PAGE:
It recognises that the way in which dialogue is conducted - the kind of environment created and the communication methods used - may profoundly affect the outcome. Many dialogues result in disappointing outcomes because insufficient attention has been paid to what might be getting in the way of progress. For productive dialogue to take place, for example, we have to understand what motivates both ourselves and our interlocutor and uncover the hidden and often unconscious assumptions upon which we base our views.

The Oxford Process offers a way for individuals or groups with different value systems, and very different interests and concerns to gain insights into their own and others' positions and fears, and discover shared ways of bringing about change. It does this by creating a culture of listening, under skilful facilitation, which encourages participants to move outside familiar ways of thinking and to put themselves in each other's shoes. This leads to a richer quality of genuine dialogue and a deeper level of understanding, offering the best possibility for change. For more information, please visit the Developing Dialogue page.

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Guiding principles

Dialogue. We believe that dialogue, diplomacy and negotiation can resolve many conflicts more effectively, and with far less cost, than military approaches. We foster deep listening between those who disagree to seek ways forward, bringing together a broad range of opinion and expertise – political, legal, psychological, military and journalistic.

Respect. We consider that attention to the quality of human relationships is key to any successful activity we undertake. This includes deep and respectful listening to those who do not share our views.

Prevention. We believe that most violent conflicts could be prevented by the application of proven and cost-effective non-military methods, which address the root causes of conflict, uphold international law, and respect fundamental human rights.

Pragmatism. We aim to be ready to propose practical and achievable steps that can be taken in response to immediate threats and crises when they arise, while endeavouring to anticipate and warn of the likely results of current security policy decisions.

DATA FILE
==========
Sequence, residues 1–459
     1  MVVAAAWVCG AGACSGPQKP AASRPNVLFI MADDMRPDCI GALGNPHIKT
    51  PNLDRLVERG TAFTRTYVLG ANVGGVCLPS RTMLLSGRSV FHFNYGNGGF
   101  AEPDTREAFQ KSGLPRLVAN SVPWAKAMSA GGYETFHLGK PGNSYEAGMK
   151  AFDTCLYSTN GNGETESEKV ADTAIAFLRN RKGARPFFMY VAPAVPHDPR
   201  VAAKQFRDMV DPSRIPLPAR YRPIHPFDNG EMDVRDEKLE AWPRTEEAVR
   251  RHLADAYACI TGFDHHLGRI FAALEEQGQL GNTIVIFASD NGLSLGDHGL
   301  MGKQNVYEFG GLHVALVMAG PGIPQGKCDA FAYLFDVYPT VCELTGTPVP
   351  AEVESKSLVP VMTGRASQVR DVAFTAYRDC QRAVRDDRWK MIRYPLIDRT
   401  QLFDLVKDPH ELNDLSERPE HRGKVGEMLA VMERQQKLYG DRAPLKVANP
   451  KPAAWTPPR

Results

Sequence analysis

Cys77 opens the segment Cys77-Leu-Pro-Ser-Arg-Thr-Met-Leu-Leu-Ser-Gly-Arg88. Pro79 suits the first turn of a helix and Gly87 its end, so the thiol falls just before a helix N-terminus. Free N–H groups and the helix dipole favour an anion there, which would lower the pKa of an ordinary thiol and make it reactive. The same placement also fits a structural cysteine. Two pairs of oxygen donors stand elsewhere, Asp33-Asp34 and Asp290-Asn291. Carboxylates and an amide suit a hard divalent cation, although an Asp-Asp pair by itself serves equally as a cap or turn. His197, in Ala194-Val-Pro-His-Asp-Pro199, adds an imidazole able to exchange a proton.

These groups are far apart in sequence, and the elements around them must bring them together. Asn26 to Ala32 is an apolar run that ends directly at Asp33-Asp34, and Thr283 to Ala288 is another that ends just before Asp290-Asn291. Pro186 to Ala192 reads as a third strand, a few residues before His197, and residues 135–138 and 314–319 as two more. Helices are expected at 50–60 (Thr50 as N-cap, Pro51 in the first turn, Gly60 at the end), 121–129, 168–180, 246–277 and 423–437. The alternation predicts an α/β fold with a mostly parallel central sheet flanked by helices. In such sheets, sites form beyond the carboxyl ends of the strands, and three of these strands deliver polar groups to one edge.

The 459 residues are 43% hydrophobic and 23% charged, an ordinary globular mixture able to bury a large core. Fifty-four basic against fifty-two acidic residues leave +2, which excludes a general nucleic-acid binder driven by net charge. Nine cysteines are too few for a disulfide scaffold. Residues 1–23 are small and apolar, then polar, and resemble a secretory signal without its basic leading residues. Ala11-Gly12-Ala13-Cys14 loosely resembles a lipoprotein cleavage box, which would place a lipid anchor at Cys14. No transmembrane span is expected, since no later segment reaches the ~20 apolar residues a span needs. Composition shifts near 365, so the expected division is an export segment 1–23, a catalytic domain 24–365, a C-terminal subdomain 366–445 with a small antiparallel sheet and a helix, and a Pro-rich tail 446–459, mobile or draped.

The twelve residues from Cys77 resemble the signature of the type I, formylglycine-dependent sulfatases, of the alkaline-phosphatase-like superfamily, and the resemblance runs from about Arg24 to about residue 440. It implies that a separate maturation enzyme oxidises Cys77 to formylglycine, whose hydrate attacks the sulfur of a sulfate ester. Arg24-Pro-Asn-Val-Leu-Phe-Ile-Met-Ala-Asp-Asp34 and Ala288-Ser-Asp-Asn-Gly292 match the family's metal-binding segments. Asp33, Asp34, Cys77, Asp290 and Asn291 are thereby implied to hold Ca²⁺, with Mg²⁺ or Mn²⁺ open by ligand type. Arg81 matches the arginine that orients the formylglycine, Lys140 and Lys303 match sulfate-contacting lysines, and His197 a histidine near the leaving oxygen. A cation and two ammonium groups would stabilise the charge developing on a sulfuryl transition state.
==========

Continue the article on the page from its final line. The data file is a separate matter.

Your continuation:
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Programmes of work

Although our short-term projects vary from year to year, according to current events and what we are able to secure project funding for, we achieve coherence by ensuring that all our projects address the key issues that inform our work over longer time periods. These key issues, which are revised regularly, are:

Global Security for the 21st Century. This programme contains projects which focus on security threats that are global in their causes and impact. The solutions to these threats will require fundamental shifts in the way that organisations, governments and peoples think about, and legislate for, war and peace. Central to this programme is an ongoing critical analysis of the current ‘war on terror’ which shows how acutely the current approach to security is failing, and how it is in danger of distracting world leaders from the far more deadly and unavoidable threats posed by climate change, resource competition, poverty and marginalisation, and global militarisation. Linked to this analysis are a range of initiatives to shift thinking towards non-military conflict prevention, and the protection of innocent life.

Human Security and the Middle East. This programme applies a human security lens to the multiple and interlocking issues that bring nations and peoples into conflict in the Middle East region, as a fundamental current flashpoint of great risk to global security. The premise of a human security approach is that no political or strategic goals can be pursued that ignore basic human needs for safety, well-being and livelihood. People on the ground, and their legitimate aspirations, should come before all other political or strategic considerations. We work on two primary implications of this approach. First, in negotiations, a way needs to be found of allowing all voices need to be heard and respected. Solutions which exclude significant constituencies are doomed to fail. We provide forums in which groups who disagree may begin to build dialogue and find common interests. Second, in military interventions, those who plan and execute them need to find ways in which operations protect, respect and include local populations, rather than alienating them. Our work with Western militaries offers contexts in which fresh thinking can be undertaken about what is to be learned from mistakes made in recent interventions.

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We are entirely funded by charitable grants, individual donations and, more recently, by peace programmes within international institutions such as the European Union and NATO.

Around two thirds of our financial support comes from trusts and foundations in the UK and USA. Major recent funders include:

  • Joseph Rowntree Charitable Trust
  • Ford Foundation
  • Polden-Puckham Charitable Foundation
  • Sigrid Rausing Trust
  • Ploughshares Fund (US)
  • Funding Network
  • Network for Social Change

The remaining one third of our income comes from individual supporters and one-off donations.

We only accept sources of funding that allow us to retain our independence and integrity.